I recommend reading the book "Crazy for God".

Whole point of keeping church and state separate was to keep the church from becoming a temple harlot.

What do you think Thomas Paine, Thomas Jefferson and Ben Franklin would each have to say about our country being on the brink of having the Supreme Law of the Land adjudicated by six Roman Catholics, two Jews and one other which I know not. A Deist I hope but I highly doubt it.

In terms of violence, wars, the taking of other people's lands and prooerty, embezzlement, fraud, larceny, hypocrisy, intentional obfuscation, domination, arrogance, self-righteousness - man's inhumanity to man - the most important things to know about persons are as follows:

1. Religion and/or religious ideology
2. Source of income
3. Political affiliation and ideology

in that order.

in that order.

I did not mean to impune or detract value from the registered commercial trademark "Thomas Paine," (as regards Kenny Burchell's website enterprise). I would think Mr. Moyers, having already secured the promotional services of Kaye and Brookhiser, would have little need of an 800 page self published book or a $100 membership for the Journal.

These posts are not about "The spirit of Thomas Paine, Today" but illustrate strategic historicism: the uses of Thomas Paine. This is a name within inches of appearing on the label of a fortified lager (micro brewed near Boston) or the catalog of a mail order outerwear haberdasher (Paine of the Hamptons).

My comments were intended to convey both the rootlessness and timelessness of the fragmentary figure Tom Paine. Let me also reassert my observation that tradition serves as a counterweight to urgently needed change in any new crisis. Paine, being so faded and so contradictory, is now useful in opposing ideals he once advocated in life. Who's to say what positions the same person would take were he to have been born in 1960 and be active today. I don't think that is ascertainable or really matters much.

The fact remains that about 7 billion people are breathing and talking today. All of them have needs and opinions just about as valid as Tom Paine's in 1780. Some are willing to speak up and act for human justice and freedom. Unfortunately, it is not these activists Bill Moyers is able to consult, but as an alternative, intellectuals vetted by agents of the oligarchies that keep one fourth of us hungry and thirsty and nine-tenths in bondage or wage slavery.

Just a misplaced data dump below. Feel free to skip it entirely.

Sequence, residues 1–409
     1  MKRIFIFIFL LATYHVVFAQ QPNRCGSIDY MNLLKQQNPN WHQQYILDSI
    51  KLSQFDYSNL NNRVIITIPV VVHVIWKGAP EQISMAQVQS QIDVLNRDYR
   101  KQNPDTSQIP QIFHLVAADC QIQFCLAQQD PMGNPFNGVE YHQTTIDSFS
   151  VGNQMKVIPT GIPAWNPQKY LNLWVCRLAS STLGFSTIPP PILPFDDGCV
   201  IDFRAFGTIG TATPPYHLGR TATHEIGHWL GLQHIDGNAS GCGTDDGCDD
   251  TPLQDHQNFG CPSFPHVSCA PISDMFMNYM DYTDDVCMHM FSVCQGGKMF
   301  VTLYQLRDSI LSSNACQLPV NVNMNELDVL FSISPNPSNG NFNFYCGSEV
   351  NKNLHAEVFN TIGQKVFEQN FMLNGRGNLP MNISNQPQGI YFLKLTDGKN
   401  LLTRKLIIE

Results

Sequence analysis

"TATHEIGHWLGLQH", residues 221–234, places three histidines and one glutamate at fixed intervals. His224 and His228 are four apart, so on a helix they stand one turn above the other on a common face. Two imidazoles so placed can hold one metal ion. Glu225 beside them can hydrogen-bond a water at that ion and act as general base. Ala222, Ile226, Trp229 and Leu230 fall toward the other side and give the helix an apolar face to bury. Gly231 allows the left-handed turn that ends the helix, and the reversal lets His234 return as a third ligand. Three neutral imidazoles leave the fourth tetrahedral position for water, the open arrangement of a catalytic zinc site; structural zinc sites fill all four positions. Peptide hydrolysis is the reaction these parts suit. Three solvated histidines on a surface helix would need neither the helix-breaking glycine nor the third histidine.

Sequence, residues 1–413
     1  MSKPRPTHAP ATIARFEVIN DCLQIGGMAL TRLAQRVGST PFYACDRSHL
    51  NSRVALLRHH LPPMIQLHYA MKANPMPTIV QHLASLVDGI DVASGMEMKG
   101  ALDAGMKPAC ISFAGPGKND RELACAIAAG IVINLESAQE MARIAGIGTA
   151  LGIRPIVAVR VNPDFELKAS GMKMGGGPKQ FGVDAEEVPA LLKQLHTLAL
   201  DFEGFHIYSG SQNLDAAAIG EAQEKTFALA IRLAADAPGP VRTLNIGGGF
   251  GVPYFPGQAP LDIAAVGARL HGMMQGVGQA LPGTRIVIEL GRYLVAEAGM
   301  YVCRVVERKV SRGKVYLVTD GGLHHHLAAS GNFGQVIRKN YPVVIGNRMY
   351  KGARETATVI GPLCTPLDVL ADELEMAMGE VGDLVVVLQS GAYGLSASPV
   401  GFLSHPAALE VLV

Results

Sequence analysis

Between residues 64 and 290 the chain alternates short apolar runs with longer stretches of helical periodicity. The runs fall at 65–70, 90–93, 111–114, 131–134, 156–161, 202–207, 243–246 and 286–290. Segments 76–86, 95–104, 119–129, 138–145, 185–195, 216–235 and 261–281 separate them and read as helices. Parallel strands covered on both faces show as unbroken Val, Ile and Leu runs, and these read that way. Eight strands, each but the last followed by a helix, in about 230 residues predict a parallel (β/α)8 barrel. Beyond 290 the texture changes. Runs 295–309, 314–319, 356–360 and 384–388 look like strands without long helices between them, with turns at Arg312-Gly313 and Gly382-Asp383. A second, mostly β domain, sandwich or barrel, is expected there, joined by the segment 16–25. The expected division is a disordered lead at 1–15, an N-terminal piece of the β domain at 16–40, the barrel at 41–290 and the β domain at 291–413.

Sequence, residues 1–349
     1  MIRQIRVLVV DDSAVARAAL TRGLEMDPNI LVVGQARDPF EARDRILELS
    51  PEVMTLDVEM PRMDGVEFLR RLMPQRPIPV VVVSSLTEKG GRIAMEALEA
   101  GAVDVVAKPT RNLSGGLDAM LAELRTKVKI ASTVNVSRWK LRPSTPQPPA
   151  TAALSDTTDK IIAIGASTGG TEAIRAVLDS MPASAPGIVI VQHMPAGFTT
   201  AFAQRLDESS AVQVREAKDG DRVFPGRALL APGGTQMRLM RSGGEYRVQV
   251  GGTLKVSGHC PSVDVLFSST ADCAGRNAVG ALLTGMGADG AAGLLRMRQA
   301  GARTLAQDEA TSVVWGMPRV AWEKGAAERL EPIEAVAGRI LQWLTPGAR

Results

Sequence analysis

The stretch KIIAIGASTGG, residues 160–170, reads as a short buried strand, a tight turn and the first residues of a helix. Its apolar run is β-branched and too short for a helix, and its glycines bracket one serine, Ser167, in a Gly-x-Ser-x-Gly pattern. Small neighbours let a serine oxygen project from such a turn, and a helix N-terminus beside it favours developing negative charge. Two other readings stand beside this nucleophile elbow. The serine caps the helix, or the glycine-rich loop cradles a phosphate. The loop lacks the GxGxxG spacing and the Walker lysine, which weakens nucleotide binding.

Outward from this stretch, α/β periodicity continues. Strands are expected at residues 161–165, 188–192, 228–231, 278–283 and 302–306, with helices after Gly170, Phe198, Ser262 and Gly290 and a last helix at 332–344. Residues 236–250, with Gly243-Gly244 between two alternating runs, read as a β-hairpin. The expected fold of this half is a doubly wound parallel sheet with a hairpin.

As the Journal checks its rear view mirror for navigation notice the fine print: "250 year old ideas may be farther away than they appear." (I hope you read me. No charge.)

ill... I am stunned. As a historian you know well that the 2nd Amendment is not about hunting or gun sports.. You are fond of quoting history and the founders..
"Firearms stand next in importance to the Constitution itself. They are the American people's liberty teeth and keystone under independence ... (George Washington)

"Americans have the right and advantage of being armed - unlike the citizens of other countries whose governments are afraid to trust the people with arms." (James Madison, The Federalist Papers #46 at 243-244)

"the ultimate authority ... resides in the people alone," (James Madison, author of the Bill of Rights, in Federalist Paper #46.)

"The people are not to be disarmed of their weapons. They are left in full possession of them." (Zachariah Johnson, 3 Elliot, Debates at 646)

It is about Freedom and staying free against tyrannical rule.
You make a deal about the 30,000 gun deaths... But fail to mention the 33,000 suicides, of which 57% are gun related... Not to mention the gangbangers...

I am STUNNED that you are trying to convey this into a legitimate argument for gun confiscation or regulation...
Motor vehicles cost 45000 deaths a yr. Poison?? 37000 a yr...

Sir, I dare say it is the LEGAL OWNERSHIP of guns that keep American free and that will remain forever, as it should be.

Jack Martin made a number of assertions about Thomas Paine in his comments here that are simple ahistoric and false. Paine did take up arms, he was aide-de-camp to General Nathaniel Greene, he was found innocent and reinstated to his excise employment in England, and he was employed NOT by Ben Franklin but by Robert Aiken at the PENNSYLVANIA MAGAZINE (Franklin's paper was THE PENNSYLVANIA GAZETTE, later renamed THE SATURDAY EVENING POST). The remainder of Martin's "historical" account is similarly specious. People, Thomas Paine was a great benefactor and friend of mankind. Don't let anyone tell you otherwise and if you want assistance of any kind on the history side of things, you're welcome to contact through the website linked to my name. Cordially.